But Ford’s ace is the Energi model, a plug-in hybrid that delivers around 100 mpge (miles per gallon equivalent since it can run in EV-only mode for up to 21 miles). Camry doesn’t have a comparable model although Toyota does offer a plug-in version of the Prius. Honda just introduced a plug-in version of its Accord, which is a direct competitor in the midsize segment, which Clean Fleet Report tested a short while ago. The Fusion Energi slots between the two in price, though it’s closer to the Honda (about $1,000 less) while offering better fuel economy that either and a significantly larger interior than the Prius. The Fusion Energi will retail for $38,700 according to Ford while the Prius Plug-in starts at about $32,000 and the Accord Plug-in is $39,780.
the Energi benefits from some of Ford’s second generation hybrid advances, which deliver a batter pack that is 50% lighter and 25-30% smaller than the first generation models. Ford made it clear that these advanced battery packs (assembled by Ford from Sanyo cells) are not only delivering better efficiency, but also are helping Ford to lower the costs of its electrified vehicles.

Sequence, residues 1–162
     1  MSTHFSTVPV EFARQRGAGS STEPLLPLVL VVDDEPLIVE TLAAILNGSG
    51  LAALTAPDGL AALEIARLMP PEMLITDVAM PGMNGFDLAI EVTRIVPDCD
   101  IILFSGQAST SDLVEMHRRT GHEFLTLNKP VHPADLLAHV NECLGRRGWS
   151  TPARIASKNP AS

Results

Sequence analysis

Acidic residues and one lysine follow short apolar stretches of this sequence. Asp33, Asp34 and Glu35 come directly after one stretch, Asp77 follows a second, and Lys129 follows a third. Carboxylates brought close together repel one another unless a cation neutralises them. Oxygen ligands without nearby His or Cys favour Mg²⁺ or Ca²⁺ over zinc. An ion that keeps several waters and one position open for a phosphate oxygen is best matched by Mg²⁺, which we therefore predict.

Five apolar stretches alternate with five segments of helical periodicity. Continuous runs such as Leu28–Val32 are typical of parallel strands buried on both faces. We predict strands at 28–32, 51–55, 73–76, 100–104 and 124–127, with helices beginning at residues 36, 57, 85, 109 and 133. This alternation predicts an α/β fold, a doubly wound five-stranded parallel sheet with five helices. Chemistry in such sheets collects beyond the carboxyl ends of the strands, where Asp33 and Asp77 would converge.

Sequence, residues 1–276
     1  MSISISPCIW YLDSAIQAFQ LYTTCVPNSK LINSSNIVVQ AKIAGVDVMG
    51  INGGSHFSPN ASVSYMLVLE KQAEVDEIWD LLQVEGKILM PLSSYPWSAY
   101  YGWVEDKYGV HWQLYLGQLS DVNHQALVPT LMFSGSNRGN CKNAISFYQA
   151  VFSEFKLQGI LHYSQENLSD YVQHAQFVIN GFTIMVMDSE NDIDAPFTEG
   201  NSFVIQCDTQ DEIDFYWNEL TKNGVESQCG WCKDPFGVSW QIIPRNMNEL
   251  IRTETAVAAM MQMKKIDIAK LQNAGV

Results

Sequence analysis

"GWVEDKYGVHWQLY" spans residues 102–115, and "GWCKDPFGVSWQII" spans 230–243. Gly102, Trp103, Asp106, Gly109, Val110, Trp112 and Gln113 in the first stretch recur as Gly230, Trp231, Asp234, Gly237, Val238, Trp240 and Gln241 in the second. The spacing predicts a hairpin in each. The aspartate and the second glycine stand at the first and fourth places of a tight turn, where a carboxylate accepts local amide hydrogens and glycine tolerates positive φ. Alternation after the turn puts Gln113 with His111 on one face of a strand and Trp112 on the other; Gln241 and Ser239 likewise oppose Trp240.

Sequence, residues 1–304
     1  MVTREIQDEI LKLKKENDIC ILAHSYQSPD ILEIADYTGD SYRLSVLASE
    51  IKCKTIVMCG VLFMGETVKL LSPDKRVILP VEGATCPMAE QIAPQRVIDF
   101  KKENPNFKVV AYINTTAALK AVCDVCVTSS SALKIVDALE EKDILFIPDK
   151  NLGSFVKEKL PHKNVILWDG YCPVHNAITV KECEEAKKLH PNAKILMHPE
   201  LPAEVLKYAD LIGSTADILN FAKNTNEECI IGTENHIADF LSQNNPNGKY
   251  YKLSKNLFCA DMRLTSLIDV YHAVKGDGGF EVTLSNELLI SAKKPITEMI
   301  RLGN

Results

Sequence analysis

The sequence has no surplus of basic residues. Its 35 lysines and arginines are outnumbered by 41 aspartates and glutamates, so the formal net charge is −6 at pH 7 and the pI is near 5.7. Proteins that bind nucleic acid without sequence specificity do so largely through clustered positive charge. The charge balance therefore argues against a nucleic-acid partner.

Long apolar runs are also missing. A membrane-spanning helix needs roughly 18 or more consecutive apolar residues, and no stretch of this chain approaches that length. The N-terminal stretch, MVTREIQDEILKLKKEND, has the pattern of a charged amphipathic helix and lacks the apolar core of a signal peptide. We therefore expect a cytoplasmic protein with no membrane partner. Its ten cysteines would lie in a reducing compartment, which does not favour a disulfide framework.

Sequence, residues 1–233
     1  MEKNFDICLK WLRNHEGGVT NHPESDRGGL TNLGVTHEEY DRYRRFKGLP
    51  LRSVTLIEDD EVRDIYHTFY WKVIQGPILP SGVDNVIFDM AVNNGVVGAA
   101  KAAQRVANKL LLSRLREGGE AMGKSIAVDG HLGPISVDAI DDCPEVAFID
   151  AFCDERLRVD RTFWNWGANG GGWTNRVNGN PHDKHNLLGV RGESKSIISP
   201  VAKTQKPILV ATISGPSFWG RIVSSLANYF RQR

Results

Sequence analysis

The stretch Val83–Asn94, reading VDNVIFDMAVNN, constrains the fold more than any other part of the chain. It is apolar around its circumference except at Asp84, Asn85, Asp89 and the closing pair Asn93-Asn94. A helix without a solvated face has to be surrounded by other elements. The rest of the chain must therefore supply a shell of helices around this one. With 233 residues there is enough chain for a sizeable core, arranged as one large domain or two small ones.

Along with its EV technology, the Fusion Energi also offers a suite of connectivity options and a broad list of technology that can be added to the basic vehicle. The MyFord Mobile technology is designed to give the Energi driver a broad range of information about the state of the battery as well as a wealth of data about the vehicle’s performance. Much of the same information is on display in the dash of the Energi as Ford and other auto companies attempt to give drivers of these new technology vehicles as much feedback as possible. As has been the case since the Prius introduced a dashboard competition of building bars that signified environmental achievement, the tools for measuring the various attributes of the car are becoming more and more numerous. After our brief test drives, we were able to get a readout of total miles driven, extra miles contributed by regenerative braking and cumulative miles per gallon. The braking instant readout in particular has the capability of quickly teaching a driver the technique that will derive maximum energy from stopping the vehicle. The information – and distraction – potential is high, but like many modern devices, the learning curve could be steep to truly pull out all of the available data.